For the second time in four years, the Orioles enter the Major League Baseball draft with the No. 1 overall selection. It couldn’t come at a more interesting time.
Baltimore is in the midst of a 10-game winning streak — its longest since 1999 — to climb above .500 this late in the season for the first time since 2017. Since calling up 2019 top draft pick Adley Rutschman on May 21, the Orioles (45-44) have gone 29-19 to sit just two games back of an American League wild-card spot entering Thursday’s day off.
Now, executive vice president and general manager Mike Elias must decide whether trading some key pieces on this year’s club — such as first baseman Trey Mancini, All-Star closer Jorge López and outfielder Anthony Santander — is the best course of action to build the “elite talent pipeline” he promised when taking the job in November 2018.
But before the Aug. 2 trade deadline, there’s the draft, which begins Sunday at 7 p.m. on ESPN. Here’s a look at what experts are saying about who the Orioles — who are famously hard to predict this time of year under Elias — might take No. 1 overall.
Wesleyan (Ga.) outfielder Druw Jones
Jonathan Mayo, MLB.com: “Jones is the choice if they go with the best player, and it feels like Termarr Johnson is the best option in terms of getting a really good player and saving the most money. Jackson Holliday might be the compromise between those two, with Brooks Lee the ‘get there faster’ college option.”
Jim Callis, MLB.com: “While the Orioles have five players under consideration, the decision probably comes down to Jones or prep middle infielders Jackson Holliday or Termarr Johnson. The current industry consensus is that they’ll opt for the best player in the Draft.”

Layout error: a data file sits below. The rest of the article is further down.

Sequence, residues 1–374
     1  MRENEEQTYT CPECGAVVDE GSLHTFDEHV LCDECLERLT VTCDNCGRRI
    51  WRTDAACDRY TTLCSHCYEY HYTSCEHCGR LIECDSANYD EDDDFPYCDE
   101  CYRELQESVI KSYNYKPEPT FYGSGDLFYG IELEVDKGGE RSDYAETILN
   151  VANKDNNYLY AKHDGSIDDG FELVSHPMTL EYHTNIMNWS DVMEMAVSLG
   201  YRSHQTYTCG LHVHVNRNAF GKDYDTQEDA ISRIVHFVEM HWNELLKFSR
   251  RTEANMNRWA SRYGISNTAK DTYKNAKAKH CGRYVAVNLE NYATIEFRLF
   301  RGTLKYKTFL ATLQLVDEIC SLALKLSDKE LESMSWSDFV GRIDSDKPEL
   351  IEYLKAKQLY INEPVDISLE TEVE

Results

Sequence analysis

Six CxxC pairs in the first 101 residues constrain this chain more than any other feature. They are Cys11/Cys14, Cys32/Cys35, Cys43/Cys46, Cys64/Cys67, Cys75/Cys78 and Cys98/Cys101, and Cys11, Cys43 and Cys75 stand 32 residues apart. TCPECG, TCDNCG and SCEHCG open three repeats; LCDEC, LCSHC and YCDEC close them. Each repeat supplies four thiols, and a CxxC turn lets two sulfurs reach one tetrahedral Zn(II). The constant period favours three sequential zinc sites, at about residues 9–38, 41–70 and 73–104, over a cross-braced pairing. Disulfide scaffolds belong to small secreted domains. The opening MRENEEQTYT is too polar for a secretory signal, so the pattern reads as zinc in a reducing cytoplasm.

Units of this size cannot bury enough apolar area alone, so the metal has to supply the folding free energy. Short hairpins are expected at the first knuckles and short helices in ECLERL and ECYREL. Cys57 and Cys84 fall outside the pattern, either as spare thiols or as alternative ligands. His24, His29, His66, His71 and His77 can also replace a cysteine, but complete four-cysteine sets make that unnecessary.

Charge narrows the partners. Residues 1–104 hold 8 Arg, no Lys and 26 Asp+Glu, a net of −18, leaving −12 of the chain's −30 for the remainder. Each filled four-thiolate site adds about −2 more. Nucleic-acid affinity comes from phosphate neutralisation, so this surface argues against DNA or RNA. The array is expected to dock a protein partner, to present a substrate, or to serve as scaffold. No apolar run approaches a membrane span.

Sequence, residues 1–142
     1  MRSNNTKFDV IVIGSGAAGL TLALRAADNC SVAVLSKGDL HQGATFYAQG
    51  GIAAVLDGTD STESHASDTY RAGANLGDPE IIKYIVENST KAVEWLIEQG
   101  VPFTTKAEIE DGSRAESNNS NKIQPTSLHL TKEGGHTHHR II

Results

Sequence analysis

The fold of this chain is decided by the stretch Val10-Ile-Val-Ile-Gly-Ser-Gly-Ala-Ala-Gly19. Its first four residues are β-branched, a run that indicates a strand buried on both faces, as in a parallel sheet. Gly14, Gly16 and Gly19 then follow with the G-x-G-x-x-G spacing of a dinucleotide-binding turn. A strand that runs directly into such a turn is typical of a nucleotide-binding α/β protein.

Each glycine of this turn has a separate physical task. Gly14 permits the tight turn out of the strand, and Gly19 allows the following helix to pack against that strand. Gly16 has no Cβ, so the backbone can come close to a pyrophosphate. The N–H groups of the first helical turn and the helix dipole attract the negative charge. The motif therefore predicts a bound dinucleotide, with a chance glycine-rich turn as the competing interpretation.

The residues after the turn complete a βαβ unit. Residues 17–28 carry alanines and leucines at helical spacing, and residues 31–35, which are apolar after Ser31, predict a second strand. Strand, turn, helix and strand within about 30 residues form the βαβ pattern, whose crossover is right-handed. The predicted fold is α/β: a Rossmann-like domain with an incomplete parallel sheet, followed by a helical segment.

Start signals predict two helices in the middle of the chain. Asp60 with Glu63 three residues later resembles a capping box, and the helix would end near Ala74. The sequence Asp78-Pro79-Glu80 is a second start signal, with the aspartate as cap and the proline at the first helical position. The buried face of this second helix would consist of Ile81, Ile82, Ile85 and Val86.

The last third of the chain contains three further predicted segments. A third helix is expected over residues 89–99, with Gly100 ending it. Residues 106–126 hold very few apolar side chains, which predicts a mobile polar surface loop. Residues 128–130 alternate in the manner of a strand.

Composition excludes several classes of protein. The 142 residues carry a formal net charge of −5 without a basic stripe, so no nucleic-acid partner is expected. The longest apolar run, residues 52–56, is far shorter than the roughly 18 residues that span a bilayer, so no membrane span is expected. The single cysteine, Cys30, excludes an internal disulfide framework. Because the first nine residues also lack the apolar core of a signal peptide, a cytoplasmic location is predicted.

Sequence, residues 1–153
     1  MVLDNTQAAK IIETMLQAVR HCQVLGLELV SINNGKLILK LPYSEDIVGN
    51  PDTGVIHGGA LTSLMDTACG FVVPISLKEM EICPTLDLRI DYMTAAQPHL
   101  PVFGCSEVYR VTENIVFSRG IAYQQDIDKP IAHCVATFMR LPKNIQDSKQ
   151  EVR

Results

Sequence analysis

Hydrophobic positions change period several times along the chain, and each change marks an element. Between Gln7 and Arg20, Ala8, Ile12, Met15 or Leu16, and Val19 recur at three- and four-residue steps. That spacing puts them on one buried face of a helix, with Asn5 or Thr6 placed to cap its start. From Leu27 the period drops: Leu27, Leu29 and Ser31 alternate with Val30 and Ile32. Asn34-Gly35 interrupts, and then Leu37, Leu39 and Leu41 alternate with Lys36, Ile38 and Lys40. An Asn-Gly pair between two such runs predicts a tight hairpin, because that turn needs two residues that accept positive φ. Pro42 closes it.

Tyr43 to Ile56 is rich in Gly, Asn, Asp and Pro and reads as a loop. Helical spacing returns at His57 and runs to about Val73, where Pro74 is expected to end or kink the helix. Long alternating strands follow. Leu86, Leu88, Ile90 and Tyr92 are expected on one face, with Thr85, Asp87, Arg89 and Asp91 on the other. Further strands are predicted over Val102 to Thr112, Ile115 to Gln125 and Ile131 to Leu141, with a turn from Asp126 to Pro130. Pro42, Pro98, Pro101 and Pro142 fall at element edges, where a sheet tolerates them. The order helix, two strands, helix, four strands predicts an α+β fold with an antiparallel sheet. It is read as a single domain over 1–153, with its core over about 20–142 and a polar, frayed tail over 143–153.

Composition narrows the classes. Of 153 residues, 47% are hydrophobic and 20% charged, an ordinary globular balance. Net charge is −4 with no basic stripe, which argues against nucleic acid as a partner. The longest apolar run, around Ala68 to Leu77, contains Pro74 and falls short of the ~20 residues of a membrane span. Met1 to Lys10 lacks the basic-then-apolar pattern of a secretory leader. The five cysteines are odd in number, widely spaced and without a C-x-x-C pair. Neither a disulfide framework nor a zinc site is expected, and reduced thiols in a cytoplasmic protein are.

Jeff Passan, David Schoenfield and Bradford Doolittle, ESPN.com: “Druw and Jackson were the easy 1-2 picks, but I think [Chipola Junior College third baseman] Cam [Collier] has a chance to be the best hitter of the three because he’s only 17 — which draft models love. Think of players like Carlos Correa and Francisco Lindor, who were 17 when they were drafted.”
Carlos Collazo, Baseball America: “My gut tells me this is going to be a high school player, but I will reiterate my comments from the previous mock draft: I have low confidence in what Baltimore is going to do and don’t expect to have much in the way of clarity moving forward. This is how it operates up top. Jones feels like the most likely pick considering he’s the best player in the class, so he’s the pick for now.”
Joel Reuter, Bleacher Report: “It’s with a certain level of hesitance that Jones is penciled into the No. 1 spot, not because of ability and upside, but because of the Orioles’ recent draft history and willingness to reach for a below-slot deal.”
Joe Doyle, Prospects Live: “The Orioles have a ton of money to play with in this class through high picks and compensation selections. Jones is the best player in this class with the most projection to boot. We believe, at the end of the day, the upside of Jones is too much to pass up and Mike Elias and [assistant GM Sig] Mejdal land their newest cornerstone.”
Joe DeMayo, SNY: “Baltimore has taken the best player available before with Adley Rutschman, and I think as of now they do it again with Jones.”
Cal Poly shortstop Brooks Lee
Keith Law, The Athletic: “I wrote this in the last mock too, but I’ll say it again: No one is going to know what Baltimore is doing until a few minutes before the pick. … Lee should be a strong regular who makes some All-Star teams as a third or second baseman, but probably doesn’t project to be a superstar.”
Matt Johnson, Sportsnaut: “Instead of taking either of the top MLB Draft prospects — Druw Jones or Termarr Johnson — they save on the No. 1 pick with Brooks Lee. He’s the best collegiate hitter in the 2022 draft class and his bat profiles nicely long-term at third base or second base.”
Mays (Ga.) second baseman Termarr Johnson
Mike Axisa, CBS Sports: “Not even the O’s know who they’re taking with the No. 1 pick right now. … Johnson has a lot of fans in the industry and is regarded as the best pure hitter in the draft class, college or high school.”
Stillwater (Okla.) shortstop Jackson Holliday
Ryan Miller and Aram Leighton, JustBaseball.com: “No one has more helium in this draft than Matt Holliday’s son Jackson. Now viewed as the best prep shortstop, Holliday has good tools across the board. Maybe his best is the feel to hit, along with growing power that he has only tapped into recently. In the field, Holliday has a strong arm and actions that have many thinking he will stick at shortstop long-term.”